I found this unsourced reference. Which made me wonder if it is correct or not? Could this be considered an "auto-antonym" like ravel and unravel?
The OED has an entry for the verb unpeel, with three 20th century citations. The linked note on the prefix un- says:
The redundant use of un- is rare, but occurs in Old English unlíesan, and Middle English unloose, which has succeeded in maintaining itself. Later instances are unbare, unsolve, unstrip (16–17th cent.), and the modern dialect forms unempt(y), unrid, unthaw (also locally uneave). Another redundant or extended use (= ‘peel off’) exists in unpeel v.
Various dictionaries in the Oxford family list "unpeeled" as an adjective meaning "not peeled", but I have not found an Oxford dictionary that lists "unpeel" as a verb. Merriam-Webster offers unpeel as a verb, where it is a synonym for "peel".
So the usage that you asked about appears to be "correct" (whatever that means); but we now have the unfortunate situation where the word "unpeeled" has two meanings, which are exact opposites of one another.
I never unpeel anything; I always peel fruit and vegetables with skins (or peels).
A Google Ngram for these two words shows no instances of unpeel since 1800. It's probably a back-formation and, therefore, much newer than peel. Because it's a verb that means the same as the verb peel, it's a pointless and annoying neologism. The adjective unpeeled, however, is a reasonable word that describes a fruit or vegetable that has not yet been peeled.
It's correct in informal or poetic use, not in formal prose -- certainly not in technical writing.
Some of the tech. examples shown in the reference cited above by @Merk are clearly 'incorrect'.
Plant Pathologists Unpeel Rumors of Banana Extinction.
-- Sensational Title for News Item; Fine.
Easy to install, use a thin screwdriver to edge up the old screen, then just unpeel and remove it and re-stick the new screen back into place.
--Not in a user manual, never. Incorrect. Peel off the un.
Prepare to unpeel the super-sized satsuma.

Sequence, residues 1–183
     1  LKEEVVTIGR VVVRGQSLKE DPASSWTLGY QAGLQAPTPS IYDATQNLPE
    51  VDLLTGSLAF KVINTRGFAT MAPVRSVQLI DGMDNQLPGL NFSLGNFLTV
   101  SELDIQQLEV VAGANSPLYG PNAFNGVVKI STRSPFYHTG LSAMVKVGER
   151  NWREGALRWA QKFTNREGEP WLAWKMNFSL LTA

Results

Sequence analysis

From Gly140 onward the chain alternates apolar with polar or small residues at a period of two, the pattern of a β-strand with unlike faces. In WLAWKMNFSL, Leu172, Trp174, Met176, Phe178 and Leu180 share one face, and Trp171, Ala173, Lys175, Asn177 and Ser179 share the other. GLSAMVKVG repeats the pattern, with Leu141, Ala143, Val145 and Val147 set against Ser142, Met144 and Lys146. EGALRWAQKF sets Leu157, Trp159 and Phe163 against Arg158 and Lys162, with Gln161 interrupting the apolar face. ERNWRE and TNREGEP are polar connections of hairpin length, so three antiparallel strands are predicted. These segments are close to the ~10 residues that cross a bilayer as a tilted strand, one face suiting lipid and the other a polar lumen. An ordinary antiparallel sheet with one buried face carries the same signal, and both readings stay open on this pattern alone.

--Adspeak; fine, again.
The "I" voice's desire to unpeel the layers of social convention that cloud her life is evident in "White/ Godiva, I unpeel---/ Dead hands, dead stringencies."
--Sounds nice in poetry; right place to use it.
Also found an interesting explanation in the same reference.
The "un-" in "unpeel" is not the negating prefix of "unsung" or "unbelievable," but a different prefix, one derived from Old English "and-," meaning "against." The latter prefix is the one in "unfold" and "unhand," and in a word mentioned elsewhere in this thread, "unravel." [mplsray]
In its noun form, a peel is the outer skin of a fruit or vegetable. So to prefix 'un' to 'peel' as its noun form makes perfect sense because you're explaining that you're removing the peel of a fruit or vegetable. Because the verb 'peel' is a negative connotation already, to have peel and unpeel exist is just redundant.
Very similar to shelled vs. unshelled in reference to nuts. Both of them can refer to nuts either with or without shells, depending on whether the word is used as a verb or an adjective, which can lead to a sort of double ambiguity when using either word.
These nuts are shelled.
They still have their shells on.
These nuts have been shelled.
Their shells have been removed.
These nuts are unshelled.
They have not been through the shelling process and still have shells.
These nuts have been unshelled.
They have been through the process and no longer have shells.
Unpeel looks like peeling layer(s) of anything or skin of fruits like BANANA. The prefix UN should not be taken in negative meaning. Just take it as a new word meaning synonmous to peel & peeled as verb and unpeeled as adjective. Why the language travel in new fields and getting more colors not acceptable? BR Sunkara